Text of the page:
When it comes to amusement parks, one big name comes to mind: Chris Sawyer, the designer of Roller Coaster Tycoon. What, that wasn't who you had in mind? Well, you'd be forgiven for thinking of close second Six Flags, as they have pretty much dominated the hearts, minds, and queasy stomachs of Americans since their inception back in 1962. So, in the interest of giving the spotlight to a bunch of other places (that also aren't Disneyland), we rounded up a list of some of the other best amusement parks this country has to offer.
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Known for: Millennium Force, Top Thrill Dragster, and many, many more
We’d be remiss -- and we’d be failing you -- if we didn’t include Cedar Point on this list. The self-billed “Roller Coaster Capital of the World” would probably be exactly that, if roller coasters were sentient and could vote democratically on such matters. Its site, a Lake Erie-adjacent peninsula, currently contains 16 of them (and 72 rides total), three of which made it onto our list of the scariest roller coasters in America, but don’t discount the park’s other thrills, including a giant frisbee and the world’s largest swing ride.
Known for: Apollo's Chariot, Griffon
It’s kind of odd that an amusement park with areas themed after old-world Europe could be so fun, since they had all that feudalism and disease and stuff, but Busch Gardens -- originally founded by Anheuser-Busch (the beer people!) back in 1975 -- accomplishes that goal through a mix of awesome roller coasters (like Apollo’s Chariot), immersive settings, and impeccable groundskeeping (note: it has actually won awards for this). Plus, animals at Jack Hanna’s Wild Reserve! That’s the guy from your childhood nature documentaries!
Known for: Steel Force, Thunderhawk
The fact that Dorney Park is owned by Cedar Fair -- the company responsible for Cedar Point -- will be enough to convince anyone who’s heard of Cedar Point give it major props. It’s home to the longest roller coaster on the East Coast (Steel Force), as well as one of the oldest (Thunderhawk, running since 1923), is adjacent to a huge waterpark (Wildwater Kingdom), and is probably the most fun you can have in East Central Pennsylvania besides at a Lehigh University frat party.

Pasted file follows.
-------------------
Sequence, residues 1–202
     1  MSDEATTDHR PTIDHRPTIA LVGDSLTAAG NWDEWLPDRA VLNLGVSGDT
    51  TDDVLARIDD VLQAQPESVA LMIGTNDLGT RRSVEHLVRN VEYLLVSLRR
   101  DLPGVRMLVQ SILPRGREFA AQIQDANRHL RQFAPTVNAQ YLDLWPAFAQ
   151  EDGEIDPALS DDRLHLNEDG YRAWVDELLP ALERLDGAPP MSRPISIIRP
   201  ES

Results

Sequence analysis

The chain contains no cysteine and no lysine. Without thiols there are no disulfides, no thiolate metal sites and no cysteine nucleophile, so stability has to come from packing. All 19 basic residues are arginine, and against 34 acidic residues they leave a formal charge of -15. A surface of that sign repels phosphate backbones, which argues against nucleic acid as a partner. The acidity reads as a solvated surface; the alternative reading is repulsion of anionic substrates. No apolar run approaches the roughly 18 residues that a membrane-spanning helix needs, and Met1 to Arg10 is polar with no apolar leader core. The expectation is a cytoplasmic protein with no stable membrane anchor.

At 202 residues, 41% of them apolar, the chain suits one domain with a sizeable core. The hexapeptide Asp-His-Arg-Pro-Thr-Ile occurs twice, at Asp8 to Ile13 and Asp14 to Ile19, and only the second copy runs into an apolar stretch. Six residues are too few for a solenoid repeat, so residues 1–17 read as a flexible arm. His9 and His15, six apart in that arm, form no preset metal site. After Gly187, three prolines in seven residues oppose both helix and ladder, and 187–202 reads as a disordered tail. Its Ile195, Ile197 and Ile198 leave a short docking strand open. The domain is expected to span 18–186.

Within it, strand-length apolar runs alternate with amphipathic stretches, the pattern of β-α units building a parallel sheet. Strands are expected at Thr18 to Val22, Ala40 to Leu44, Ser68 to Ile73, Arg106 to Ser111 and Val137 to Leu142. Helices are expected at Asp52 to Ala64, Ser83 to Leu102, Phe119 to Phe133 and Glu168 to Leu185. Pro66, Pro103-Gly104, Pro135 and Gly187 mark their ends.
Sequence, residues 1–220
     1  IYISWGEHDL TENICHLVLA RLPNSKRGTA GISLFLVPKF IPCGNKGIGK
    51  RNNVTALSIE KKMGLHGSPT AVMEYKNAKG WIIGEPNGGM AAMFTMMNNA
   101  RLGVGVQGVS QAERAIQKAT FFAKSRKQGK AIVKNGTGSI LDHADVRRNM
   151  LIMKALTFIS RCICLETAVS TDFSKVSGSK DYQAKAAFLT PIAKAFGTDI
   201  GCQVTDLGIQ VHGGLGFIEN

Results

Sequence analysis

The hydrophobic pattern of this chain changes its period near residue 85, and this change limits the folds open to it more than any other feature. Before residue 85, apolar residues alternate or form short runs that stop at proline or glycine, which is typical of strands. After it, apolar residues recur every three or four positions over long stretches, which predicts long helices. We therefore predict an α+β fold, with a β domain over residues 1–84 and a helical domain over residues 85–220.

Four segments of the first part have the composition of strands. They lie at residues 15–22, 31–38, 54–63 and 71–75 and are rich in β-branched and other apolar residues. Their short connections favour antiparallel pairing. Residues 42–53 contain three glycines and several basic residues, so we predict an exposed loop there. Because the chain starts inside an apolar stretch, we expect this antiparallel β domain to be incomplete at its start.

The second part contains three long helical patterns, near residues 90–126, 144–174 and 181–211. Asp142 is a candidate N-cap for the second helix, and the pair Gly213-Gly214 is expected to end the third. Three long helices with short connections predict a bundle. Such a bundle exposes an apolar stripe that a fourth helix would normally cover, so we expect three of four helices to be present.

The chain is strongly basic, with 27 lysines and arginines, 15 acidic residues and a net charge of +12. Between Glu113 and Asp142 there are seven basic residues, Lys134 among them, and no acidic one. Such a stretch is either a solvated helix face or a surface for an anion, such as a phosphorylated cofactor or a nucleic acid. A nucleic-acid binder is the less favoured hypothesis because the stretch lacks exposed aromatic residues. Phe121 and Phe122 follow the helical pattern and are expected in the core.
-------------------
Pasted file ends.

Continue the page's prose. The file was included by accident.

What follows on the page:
Known for: Chocolate, primarily, but also Skyrush
Yes, Hersheypark is an amusement park run by a chocolate company. Yes, you can eat a ton of chocolate at the park and ride on chocolate-themed rides. And yes, the height requirements for kids have cutesy names like “Miniatures,” “Kisses,” and “Reeses.” But the park also features some seriously gravity-defying roller coasters like Skyrush, Storm Runner, and… SooperDooperLooper. OK, so that last one is a bad example, but this park knows what it’s doing, dammit!
Known for: The Incredible Hulk, The Wizarding World of Harry Potter
If you’ve ever wanted to live inside a movie or TV program, please watch The Truman Show -- it’ll teach you about your misguidedness. But if you’ve ever wanted to visit those places, well, Universal Studios in Orlando is about as close as you can get without being that kid from Boyhood. With several movie-themed rides & attractions including Jurassic Park, Shrek, The Incredible Hulk, and Harry Potter, Universal Studios manages to re-instill a sense of awe for “the movies” that some folks might think had left them long ago. Then again, that might just be the Butterbeers talking.
Known for: The Yankee Cannonball, Untamed
Canobie Lake Park was opened back in 1902, before the concept of amusement parks had even been invented -- and that’s not because nobody was having fun, it just didn’t occur to people to create parks specifically for that purpose. Instead, it was a trolley park designed to increase the buzz around the Massachusetts Northeast Street Railway Company. The trolley business eventually went under, but Canobie Lake Park survived, and today flourishes as the one field trip destination kids from Massachusetts and New Hampshire (and their adult chaperones) get truly excited about.